Researchers at the University of Cincinnati have found that high-resolution computed tomography (CT) scans are cost-effective when screening for lymphangioleiomyomatosis (LAM) in nonsmoking women between ages 25 and 54 who come to the emergency room for the first time with a collapsed lung. About one third of LAM patients develop a spontaneous pneumothorax as the first major sign.
The study published in the American Thoracic Society’s American Journal of Respiratory and Critical Care Medicine looked at rates of collapsed lung and prevalence of LAM in relation to age, gender, and smoking status. It compared the benefit and cost of using high-resolution CT screening following lung collapse for patients with LAM to no CT screening.
“Screening for LAM using a high-resolution CT, or three-dimensional X-ray of the lungs, is the most cost-effective strategy, with approximately $32,000 per quality-adjusted life year gained,” said Brent Kinder, MD, assistant professor of medicine and director of the University of Cincinnati Interstitial Lung Disease Center and a study investigator. “For comparison, hemodialysis, a standard benchmark for cost-effectiveness, costs about $50,000 per quality-adjusted life year gained. With this data, physicians will be able to intervene with therapies more quickly and enroll patients in clinical trials that may be able to slow progression of the disease.”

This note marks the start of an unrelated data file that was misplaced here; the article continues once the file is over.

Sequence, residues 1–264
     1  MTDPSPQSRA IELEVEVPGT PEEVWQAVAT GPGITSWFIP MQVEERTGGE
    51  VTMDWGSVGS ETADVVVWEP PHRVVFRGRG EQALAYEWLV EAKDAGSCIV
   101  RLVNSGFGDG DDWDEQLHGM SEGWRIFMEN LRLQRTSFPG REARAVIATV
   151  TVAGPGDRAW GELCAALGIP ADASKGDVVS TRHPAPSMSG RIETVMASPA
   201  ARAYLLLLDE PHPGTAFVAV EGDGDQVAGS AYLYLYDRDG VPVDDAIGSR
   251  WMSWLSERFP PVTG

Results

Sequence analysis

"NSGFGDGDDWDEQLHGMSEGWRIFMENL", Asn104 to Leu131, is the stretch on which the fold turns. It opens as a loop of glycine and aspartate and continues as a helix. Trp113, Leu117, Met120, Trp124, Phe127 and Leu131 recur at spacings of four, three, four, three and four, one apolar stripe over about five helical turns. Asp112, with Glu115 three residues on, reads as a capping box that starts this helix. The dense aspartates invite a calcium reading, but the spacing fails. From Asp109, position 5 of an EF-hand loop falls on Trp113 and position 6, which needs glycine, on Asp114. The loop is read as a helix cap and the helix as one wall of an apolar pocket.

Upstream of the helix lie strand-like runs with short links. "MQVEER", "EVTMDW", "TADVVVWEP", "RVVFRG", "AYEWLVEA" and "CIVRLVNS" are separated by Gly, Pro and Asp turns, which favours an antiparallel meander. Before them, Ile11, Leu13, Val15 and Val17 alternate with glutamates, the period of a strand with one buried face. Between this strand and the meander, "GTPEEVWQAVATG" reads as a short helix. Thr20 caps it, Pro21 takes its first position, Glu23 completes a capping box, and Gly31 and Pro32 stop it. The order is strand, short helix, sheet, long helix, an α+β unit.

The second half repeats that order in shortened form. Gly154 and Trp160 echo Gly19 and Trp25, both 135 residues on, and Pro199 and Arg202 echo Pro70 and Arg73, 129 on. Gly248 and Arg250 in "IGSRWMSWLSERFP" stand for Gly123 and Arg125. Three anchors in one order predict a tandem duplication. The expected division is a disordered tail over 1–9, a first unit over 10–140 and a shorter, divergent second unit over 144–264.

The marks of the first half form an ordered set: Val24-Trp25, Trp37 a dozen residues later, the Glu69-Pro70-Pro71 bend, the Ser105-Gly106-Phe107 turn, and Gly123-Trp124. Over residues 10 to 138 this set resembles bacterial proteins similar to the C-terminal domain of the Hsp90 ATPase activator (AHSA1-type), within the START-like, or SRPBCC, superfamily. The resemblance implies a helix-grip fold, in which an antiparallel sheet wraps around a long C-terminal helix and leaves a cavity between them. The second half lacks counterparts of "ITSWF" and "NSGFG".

Pulmonary LAM, a rare but serious lung disease, occurs when smooth muscle tissue proliferates within the interstitium of the lung in the form of characteristic thin-walled lung cysts. Many patients present with shortness of breath, which is often misdiagnosed as asthma.
“Women with LAM who first experience spontaneous lung collapse will, on average, experience two more, but diagnosis doesn’t usually occur until the second or third collapse, delaying treatment,” said Kinder.